Is there any sect of Judaism that interprets both the written Torah and oral Torah literally?

  • I'm voting to close this question as off-topic because It is not clear what you are asking. Oral Law is not literal as it is the explanation of the written law. Jun 7, 2017 at 12:01
  • @sabbahillel I think his question is clear, but it arises from the OP's incorrect premise. See my answer.
    – DanF
    Jun 7, 2017 at 13:45
  • I would disagree with anyone who thinks there is no such thing as a non literal interpretation of oral law. Probably the single biggest reason for difference of opinions between Chassidic Modern Orthodox Conservative Reformed Yeshivish or any other major Jewish movement is how 'literally' Talmudic laws must be adhered to vs keeping to the spirit of the Talmud. Every single one of these communities have practices which either uphold old laws that other groups do not or conveniently ignore certain laws that other groups might keep.
    – user6591
    Jun 7, 2017 at 14:33
  • The fact that words like minhag or unzera gidankt or adapting to the modern world are used changes nothing. Whether it's tznius or chadash or shabbos or limud Torah or any other law biblical or rabinik, justifications are made and interpretations of the spirit of the law are introduced.
    – user6591
    Jun 7, 2017 at 14:35
  • Hey Mark! When you say oral law, do you have in mind a particular text, such as the Mishna or Talmud?
    – mevaqesh
    Jun 7, 2017 at 16:19

2 Answers 2


Your question presents contradictory ideas.

Anyone that accepts the validity of the Oral law has inherently acknowledged that he is not translating the Written Law literally. That's the whole reason for having the Oral Law.

As an example - The Torah says, "An eye for an eye". Literally, that means if I take out your eye, you take out mine (assuming you can see well.) But, if you accept the Oral Law's validity, you accept that it has not taken the Written law literally, for the Oral Law explains that it means that the damager compensates you monetarily.

  • I guess often the oral torah still takes it literally in the sense of not being contrary to the written torah, but adds more information.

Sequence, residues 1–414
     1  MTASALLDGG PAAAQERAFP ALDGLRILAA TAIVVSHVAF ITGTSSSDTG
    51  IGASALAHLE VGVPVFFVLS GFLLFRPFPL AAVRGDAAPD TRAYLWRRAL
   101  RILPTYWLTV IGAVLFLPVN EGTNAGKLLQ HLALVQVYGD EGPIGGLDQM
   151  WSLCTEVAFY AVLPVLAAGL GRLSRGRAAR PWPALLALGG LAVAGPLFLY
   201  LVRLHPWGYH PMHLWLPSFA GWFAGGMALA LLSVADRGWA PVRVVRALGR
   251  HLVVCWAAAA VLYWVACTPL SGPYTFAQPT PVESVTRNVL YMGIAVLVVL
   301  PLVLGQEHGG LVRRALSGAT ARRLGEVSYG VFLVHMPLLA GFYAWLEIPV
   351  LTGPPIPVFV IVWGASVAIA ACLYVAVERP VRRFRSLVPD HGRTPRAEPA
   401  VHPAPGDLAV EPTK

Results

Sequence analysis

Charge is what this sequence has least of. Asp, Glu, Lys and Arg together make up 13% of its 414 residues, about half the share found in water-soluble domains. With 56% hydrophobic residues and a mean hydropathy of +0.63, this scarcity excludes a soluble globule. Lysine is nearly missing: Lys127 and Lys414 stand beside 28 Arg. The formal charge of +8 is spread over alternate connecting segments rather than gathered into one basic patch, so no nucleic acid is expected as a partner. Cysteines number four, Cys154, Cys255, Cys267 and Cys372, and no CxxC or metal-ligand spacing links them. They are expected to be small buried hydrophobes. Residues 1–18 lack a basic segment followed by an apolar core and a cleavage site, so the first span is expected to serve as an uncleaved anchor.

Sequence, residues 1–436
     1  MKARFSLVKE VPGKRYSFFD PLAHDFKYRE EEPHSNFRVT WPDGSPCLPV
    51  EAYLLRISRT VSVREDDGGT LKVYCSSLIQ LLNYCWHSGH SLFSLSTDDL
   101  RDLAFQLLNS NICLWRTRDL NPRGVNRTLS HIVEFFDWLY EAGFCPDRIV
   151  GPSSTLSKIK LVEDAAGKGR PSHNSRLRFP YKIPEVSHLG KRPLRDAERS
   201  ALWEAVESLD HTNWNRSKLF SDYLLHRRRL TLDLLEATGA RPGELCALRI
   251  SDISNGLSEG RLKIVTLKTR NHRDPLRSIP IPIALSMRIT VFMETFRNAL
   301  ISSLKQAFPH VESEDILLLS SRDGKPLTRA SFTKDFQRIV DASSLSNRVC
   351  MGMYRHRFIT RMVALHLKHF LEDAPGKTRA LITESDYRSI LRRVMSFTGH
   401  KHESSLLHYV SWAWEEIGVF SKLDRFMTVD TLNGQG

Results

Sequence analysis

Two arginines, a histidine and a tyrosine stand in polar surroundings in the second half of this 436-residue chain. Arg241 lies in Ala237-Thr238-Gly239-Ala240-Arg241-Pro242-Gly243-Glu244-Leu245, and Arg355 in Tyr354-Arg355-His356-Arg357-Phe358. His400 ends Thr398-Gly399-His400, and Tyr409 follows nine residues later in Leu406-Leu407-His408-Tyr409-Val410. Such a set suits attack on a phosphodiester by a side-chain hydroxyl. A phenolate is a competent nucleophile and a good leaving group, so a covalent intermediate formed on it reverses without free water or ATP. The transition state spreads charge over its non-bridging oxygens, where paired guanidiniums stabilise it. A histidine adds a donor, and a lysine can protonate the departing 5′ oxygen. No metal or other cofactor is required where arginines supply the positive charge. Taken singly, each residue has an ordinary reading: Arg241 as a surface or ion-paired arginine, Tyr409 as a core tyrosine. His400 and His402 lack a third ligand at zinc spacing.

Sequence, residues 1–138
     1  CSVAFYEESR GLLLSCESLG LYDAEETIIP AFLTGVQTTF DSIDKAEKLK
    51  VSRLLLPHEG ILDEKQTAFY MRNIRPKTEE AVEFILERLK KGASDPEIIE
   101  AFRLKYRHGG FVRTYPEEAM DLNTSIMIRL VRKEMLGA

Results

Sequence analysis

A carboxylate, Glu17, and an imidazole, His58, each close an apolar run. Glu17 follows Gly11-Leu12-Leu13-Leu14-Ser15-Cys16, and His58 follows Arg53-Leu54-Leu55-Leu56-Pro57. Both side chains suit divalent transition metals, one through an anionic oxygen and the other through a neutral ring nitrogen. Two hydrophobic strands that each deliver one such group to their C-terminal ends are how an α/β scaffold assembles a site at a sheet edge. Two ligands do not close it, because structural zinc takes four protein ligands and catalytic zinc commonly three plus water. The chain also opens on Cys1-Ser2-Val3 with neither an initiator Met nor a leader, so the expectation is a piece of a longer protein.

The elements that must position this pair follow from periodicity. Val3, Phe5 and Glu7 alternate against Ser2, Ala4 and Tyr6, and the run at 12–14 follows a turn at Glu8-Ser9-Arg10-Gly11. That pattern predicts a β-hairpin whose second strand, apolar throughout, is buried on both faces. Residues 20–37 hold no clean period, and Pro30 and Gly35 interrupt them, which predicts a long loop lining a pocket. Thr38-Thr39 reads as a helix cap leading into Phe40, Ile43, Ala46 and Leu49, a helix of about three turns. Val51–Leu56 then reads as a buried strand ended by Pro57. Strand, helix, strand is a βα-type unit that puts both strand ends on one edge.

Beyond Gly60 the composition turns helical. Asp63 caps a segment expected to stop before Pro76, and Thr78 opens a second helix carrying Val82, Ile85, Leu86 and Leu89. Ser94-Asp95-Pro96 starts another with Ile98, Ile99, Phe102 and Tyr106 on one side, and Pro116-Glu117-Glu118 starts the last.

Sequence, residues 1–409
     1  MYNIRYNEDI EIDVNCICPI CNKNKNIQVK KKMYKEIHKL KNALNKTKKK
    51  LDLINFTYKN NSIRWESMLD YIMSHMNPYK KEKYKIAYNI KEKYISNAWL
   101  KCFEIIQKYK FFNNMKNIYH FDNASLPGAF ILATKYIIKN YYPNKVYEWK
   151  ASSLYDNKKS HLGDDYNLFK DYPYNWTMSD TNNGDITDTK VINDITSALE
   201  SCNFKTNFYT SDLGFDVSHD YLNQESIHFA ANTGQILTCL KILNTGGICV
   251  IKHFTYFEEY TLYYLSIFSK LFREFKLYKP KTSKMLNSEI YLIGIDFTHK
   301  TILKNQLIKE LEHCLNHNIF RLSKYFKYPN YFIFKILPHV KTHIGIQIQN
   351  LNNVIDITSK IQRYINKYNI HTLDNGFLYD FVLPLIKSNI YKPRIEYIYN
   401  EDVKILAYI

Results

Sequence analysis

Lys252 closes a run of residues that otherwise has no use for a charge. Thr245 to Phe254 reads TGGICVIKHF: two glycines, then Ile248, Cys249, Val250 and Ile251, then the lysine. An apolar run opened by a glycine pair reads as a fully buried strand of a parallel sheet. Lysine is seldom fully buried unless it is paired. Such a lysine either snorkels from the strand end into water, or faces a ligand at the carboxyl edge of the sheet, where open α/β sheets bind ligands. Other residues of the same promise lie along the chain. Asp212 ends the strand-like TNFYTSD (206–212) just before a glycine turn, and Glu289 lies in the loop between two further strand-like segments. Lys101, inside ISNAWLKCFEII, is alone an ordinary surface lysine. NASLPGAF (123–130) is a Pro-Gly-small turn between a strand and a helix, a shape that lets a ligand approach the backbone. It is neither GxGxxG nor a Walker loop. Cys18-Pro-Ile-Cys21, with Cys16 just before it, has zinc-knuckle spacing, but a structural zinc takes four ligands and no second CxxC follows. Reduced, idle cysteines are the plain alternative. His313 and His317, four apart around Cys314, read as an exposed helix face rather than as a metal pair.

– barlop
    Jun 7, 2017 at 20:05
  • @barlop Torah is a "summary". As a matter of fact, it is this rule of "brevity" that all commentaries and scholars as well as the Talmud has always assumed. Thus, if the Torah adds extra words or repeats something, there must have been a reason for it, which is why it must be analyzed. The Oral Law is the detail. In Devarim (Deut.), we often see phrasing, "AS G-d has told you", or similar. Rash"i will almost always cite a verse that supports exactly WHERE G-d has said this. On occasion, there is no supporting verse. When that happens, Rash"i says, "This proves that there is an oral law!"
    – DanF
    Jun 8, 2017 at 15:38
  • I don't recall the sources, but when the gemara says it learns something from here/there in the tanach, there are a few theories. One is that there are hermeutical rules through which it has derived the teaching, rather like rabbi yishmael's 13 rules, but there are more and the rules have been lost. Another is that it's independent and the rabbis have some license like an artist, to pick which verse from tanach to connect it to. Another is that it's independent and there's a tradition on which it connects to.
    – barlop
    Jun 8, 2017 at 15:43
  • IIRC listening to rabbi dovid gottlieb of ohr, he said that the ramchal argues that it's not derived purely from the tanach, it is its own source but it is connected to a verse and the rabbis argue which verse. And dovid gottlieb is of the view that the ramchal proves this. And gottlieb mentioned that some think it is derived purely from the text and then try to justify it saying "oh it's gemara logic", but gottlieb thinks they're mistaken.
    – barlop
    Jun 8, 2017 at 15:47
  • @Barlop All of them are possible theories. It's definitely a good research project for both of us, perhaps - determining what rules are used when and by whom? I havea feeling that Steinzaltz may have addressed this topic. I'll see if I can get some ideas from my scholarly local rabbis.
    – DanF
    Jun 8, 2017 at 15:48

You can't interpret the oral torah literally because, by its nature, it is not definite. At the "end user" side of the oral law, there is a Rabbi who will give a ruling, but there could have been a different rabbi who would give a ruling.

If your Rabbi gives you a ruling, unless he is talking cryptic and yoda-like, that is the law and you have to take it literally.

If he uses a figure of speech and you decide to interpret that literally and subvert the ruling, then that should not be interpreted literally.

  • if you're trying to suggest that a rabbi might take things in the oral torah as non literally, (and particularly in regards to a ruling), then can you give some examples to make your case? Your point that two rabbis could disagree in interpretations, doesn't mean that they aren't taking it literally.
    – barlop
    Jun 7, 2017 at 20:00
  • Can you give me an example of what you mean by oral torah? Jun 7, 2017 at 22:38
  • I don't think the term oral torah is really that open to interpretation, it necessarily includes mishna and I suppose includes all or at least some, midrash.
    – barlop
    Jun 8, 2017 at 2:19

Not the answer you're looking for? Browse other questions tagged .